A recent study suggests there is more to the hyperiid’s ability to hide than simple transparency. It turns out they are using a kind of nanotechnology to interfere with and bend light, cloaking themselves and almost rendering them invisible. The scientists used a scanning electron microscope to closely analyse seven species of hyperiids. They found that the legs of one species were covered in tiny nano sized hair-like protuberances.
The body of this species, and six others were also covered in nano sized bumps or spheres ranging in size from under 100 nanometers to around 300 nanometers. The tiny size of the bumps could minimise light scattering and the scientists found that a combination of both nanostructures - the bumps and the hairs could reduce reflectance by as much as 100 fold. The weird thing is that the researchers think these spheres could actually be bacteria.
Japetella heathi and Onychoteuthis banksii
The squid Japetella heathi and the octopus Onychoteuthis banksii also have a novel trick up their sleeves when it comes to invisibility - they can quickly switch from being transparent to a reddish brown colour.
They both live in the Pacific Ocean between 600-1000m deep – known as the mesopelagic zone. Although being transparent helps a lot with invisibility close to the water’s surface, as diffuse sunlight from the surface passes straight through transparent tissue, when you shine a light directly on something that is transparent, it suddenly becomes very visible.
Unfortunately this happens quite a lot in the deep sea, where predators use light-emitting organs called photophores like a searchlight when hunting. Prey at these depths are often red or black so that they reflect as little blue light as possible. Japetella heathi, an octopus, and Onychoteuthis banksii, a squid, are able to switch between both, but how do they do it? Both species’ skin contains light sensitive cells called chromatophores. The cells contain a dye, and when they detect light they immediately expand and release the pigment.
Sea Sapphires (Sapphirina) are ant size creatures that live in warm tropical and subtropical seas. They belong to a group of crustaceans called copepods. Different species emit a range of brilliant iridescent colours, from vivid blues to reds and golds.
What is remarkable about them is that one second they can shimmer brightly and the next they appear almost to disappear and the way they do this is fascinating. Their skin, or cuticle cells contain tiny crystal plates arranged in a hexagonal honeycomb pattern. The crystals contain guanine, one of the four bases that make up DNA. The crystal layers are separated from each other by a soup-like fluid called a cytosol.
A team of scientists found that the although the layers of guanine crystals are always exactly the same thickness – 70 nanometers, the thickness of the cytosol between the layers varies from 50 to 200 nanometers. It is this variety which determines the colour of the sea sapphire. Thicker layers of cytosol lead to longer wavelengths of light being reflected, which make the copepod look red or magenta.
The colour also depends on the angle of light which strikes them. As the angle becomes smaller and smaller, the wavelength of reflected light becomes shorter and the colour more violet. If the angle becomes small enough then the reflected light is in the UV spectrum, which means that we can’t see it and the sea sapphires disappear. The researchers found that light which hit the crustaceans at a 45° angle effectively caused them to become invisible.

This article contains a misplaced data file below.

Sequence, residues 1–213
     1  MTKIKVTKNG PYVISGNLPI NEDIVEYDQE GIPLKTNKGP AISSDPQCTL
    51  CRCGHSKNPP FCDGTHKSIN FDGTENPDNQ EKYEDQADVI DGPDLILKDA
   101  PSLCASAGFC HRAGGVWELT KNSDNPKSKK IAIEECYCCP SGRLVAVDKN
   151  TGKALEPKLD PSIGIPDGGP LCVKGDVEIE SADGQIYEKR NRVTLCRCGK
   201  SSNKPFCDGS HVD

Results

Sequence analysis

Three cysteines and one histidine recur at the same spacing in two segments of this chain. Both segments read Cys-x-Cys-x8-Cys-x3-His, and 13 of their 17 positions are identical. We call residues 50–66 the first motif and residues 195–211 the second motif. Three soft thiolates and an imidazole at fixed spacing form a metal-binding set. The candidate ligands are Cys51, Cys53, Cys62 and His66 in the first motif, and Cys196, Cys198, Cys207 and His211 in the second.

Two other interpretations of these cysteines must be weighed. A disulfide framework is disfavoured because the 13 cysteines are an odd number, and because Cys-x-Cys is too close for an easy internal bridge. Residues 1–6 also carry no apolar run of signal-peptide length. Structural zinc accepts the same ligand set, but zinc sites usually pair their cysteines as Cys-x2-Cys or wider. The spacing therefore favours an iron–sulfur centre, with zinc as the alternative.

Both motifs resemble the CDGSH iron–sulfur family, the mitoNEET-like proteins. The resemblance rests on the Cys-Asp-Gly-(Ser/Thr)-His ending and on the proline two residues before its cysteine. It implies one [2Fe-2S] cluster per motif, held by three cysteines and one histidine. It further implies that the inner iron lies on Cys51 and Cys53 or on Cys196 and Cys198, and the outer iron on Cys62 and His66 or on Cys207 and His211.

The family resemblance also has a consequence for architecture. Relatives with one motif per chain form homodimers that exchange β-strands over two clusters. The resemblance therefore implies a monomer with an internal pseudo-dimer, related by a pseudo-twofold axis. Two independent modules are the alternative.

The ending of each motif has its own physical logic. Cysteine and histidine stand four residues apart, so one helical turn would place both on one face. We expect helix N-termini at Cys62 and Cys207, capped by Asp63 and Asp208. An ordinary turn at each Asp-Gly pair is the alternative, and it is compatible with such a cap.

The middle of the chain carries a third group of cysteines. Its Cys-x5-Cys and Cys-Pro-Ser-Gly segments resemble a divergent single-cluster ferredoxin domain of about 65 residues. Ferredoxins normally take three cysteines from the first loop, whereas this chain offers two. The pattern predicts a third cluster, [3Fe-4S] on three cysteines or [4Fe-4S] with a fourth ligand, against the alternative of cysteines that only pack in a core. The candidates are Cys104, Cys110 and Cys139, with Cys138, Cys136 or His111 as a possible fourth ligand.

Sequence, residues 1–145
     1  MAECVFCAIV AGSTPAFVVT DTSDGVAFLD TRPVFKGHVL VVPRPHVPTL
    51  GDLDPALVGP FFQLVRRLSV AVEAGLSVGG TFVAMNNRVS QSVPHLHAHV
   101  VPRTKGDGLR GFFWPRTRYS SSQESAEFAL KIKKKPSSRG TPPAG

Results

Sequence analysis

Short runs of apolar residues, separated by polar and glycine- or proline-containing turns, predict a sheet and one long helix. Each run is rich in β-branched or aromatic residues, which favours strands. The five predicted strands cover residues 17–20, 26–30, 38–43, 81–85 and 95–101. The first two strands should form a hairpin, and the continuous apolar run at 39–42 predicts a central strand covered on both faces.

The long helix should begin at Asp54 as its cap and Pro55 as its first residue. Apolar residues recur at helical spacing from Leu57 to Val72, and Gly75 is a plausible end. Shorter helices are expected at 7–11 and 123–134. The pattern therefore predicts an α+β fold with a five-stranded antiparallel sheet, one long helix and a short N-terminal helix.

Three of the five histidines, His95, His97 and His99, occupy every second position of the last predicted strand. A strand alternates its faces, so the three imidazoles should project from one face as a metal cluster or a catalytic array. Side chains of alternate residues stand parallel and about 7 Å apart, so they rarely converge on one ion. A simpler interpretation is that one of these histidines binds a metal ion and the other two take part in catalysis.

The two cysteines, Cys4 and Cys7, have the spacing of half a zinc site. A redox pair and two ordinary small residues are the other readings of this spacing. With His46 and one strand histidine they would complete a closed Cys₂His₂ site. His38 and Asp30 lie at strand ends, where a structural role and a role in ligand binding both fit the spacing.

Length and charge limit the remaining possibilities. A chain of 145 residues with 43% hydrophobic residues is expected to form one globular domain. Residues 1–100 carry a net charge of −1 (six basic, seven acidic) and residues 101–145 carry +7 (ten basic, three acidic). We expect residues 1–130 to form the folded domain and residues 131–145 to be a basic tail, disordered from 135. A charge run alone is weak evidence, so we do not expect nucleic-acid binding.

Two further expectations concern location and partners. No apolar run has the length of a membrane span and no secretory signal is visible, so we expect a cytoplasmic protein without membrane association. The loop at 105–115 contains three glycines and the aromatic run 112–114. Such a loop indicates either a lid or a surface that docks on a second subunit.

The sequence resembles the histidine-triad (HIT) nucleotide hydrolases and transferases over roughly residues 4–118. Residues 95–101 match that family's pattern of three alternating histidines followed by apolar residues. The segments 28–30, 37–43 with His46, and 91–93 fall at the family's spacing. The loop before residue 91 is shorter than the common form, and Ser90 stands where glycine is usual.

All of the transparent animals discussed so far have lived in the sea, and there’s a good reason for that. To be transparent you need to be made up of stuff that neither absorbs nor reflects light. This is a difficult task for plants and animals that live on land because there is such a large difference between the refractive index of living tissues and air. The refractive index of a material describes how quickly light travels through it. Light travels fastest in a vacuum, and generally speaking the denser a material, the longer light takes to travel through it and the greater its refractive index will be.
As biological tissue is so much thicker and denser than air, when light waves go from travelling through air to body tissue, they slow down. This causes light to change directions and scatter, causing reflections that make the animal more visible.
In the sea there is less difference between the refractive index of water and biological tissues, so transparency is an easier task, hence why there are so many ‘almost’ invisible animals. Another reason you don’t find many see through animals on land is because organisms need pigments like melanin to protect them from UV radiation from the sun.
However there are some exceptions to the see through rule. One is the glasswing butterfly (Greta oto) which lives in Central America.
Although not all of its body is see through, its transparent wings make it difficult for predators to track it during flight. To look at how the butterfly achieves its transparency, scientists examined their wings under an electron microscope. They found tiny nano sized bumps called nanopillars which were scattered randomly and had different lengths. It seems that the random size and distribution of the nanoscale structures help the butterfly minimise reflections from its wings. The nanopillars interfere with rays of light hitting the wing, causing most to pass straight through rather than bouncing back.
Another exception to the rule is a translucent snail (Zospeum tholussum) that was discovered in the deepest cave in Croatia. Scientists from Goethe University, Frankfurt found the see through mollusc living 980m underground in the Lukina Jama-Trojama cave, in a chamber full of rocks and sand with a small stream running through it.
The snail belongs to a genus of miniature land snails that are found in dark, underground caves, and which are unable to move by themselves. Researchers believe they use running water from streams to transport themselves.
However even though it is translucent, the snail is still fairly visible, highlighting just how difficult it is for land animals to achieve what those in the ocean do.